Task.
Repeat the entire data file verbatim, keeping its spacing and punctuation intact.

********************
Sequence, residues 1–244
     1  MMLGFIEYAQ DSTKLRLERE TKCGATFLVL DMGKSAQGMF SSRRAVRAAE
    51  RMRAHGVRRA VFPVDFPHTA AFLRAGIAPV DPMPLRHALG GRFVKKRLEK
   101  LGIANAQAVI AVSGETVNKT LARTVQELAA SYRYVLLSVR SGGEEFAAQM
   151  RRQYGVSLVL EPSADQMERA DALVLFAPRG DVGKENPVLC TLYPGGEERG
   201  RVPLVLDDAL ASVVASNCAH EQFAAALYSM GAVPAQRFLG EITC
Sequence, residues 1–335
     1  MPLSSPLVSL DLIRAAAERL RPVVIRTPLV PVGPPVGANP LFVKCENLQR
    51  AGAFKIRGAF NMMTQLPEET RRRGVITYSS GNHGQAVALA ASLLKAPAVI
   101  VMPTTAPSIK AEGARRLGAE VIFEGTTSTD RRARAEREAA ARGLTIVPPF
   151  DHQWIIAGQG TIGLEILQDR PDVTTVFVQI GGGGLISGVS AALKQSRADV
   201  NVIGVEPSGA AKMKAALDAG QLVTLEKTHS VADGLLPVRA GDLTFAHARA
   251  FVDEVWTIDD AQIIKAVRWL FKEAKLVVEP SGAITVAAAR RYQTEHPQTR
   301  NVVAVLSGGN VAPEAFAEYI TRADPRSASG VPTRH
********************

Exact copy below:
Sequence, residues 1–244
     1  MMLGFIEYAQ DSTKLRLERE TKCGATFLVL DMGKSAQGMF SSRRAVRAAE
    51  RMRAHGVRRA VFPVDFPHTA AFLRAGIAPV DPMPLRHALG GRFVKKRLEK
   101  LGIANAQAVI AVSGETVNKT LARTVQELAA SYRYVLLSVR SGGEEFAAQM
   151  RRQYGVSLVL EPSADQMERA DALVLFAPRG DVGKENPVLC TLYPGGEERG
   201  RVPLVLDDAL ASVVASNCAH EQFAAALYSM GAVPAQRFLG EITC
Sequence, residues 1–335
     1  MPLSSPLVSL DLIRAAAERL RPVVIRTPLV PVGPPVGANP LFVKCENLQR
    51  AGAFKIRGAF NMMTQLPEET RRRGVITYSS GNHGQAVALA ASLLKAPAVI
   101  VMPTTAPSIK AEGARRLGAE VIFEGTTSTD RRARAEREAA ARGLTIVPPF
   151  DHQWIIAGQG TIGLEILQDR PDVTTVFVQI GGGGLISGVS AALKQSRADV
   201  NVIGVEPSGA AKMKAALDAG QLVTLEKTHS VADGLLPVRA GDLTFAHARA
   251  FVDEVWTIDD AQIIKAVRWL FKEAKLVVEP SGAITVAAAR RYQTEHPQTR
   301  NVVAVLSGGN VAPEAFAEYI TRADPRSASG VPTRH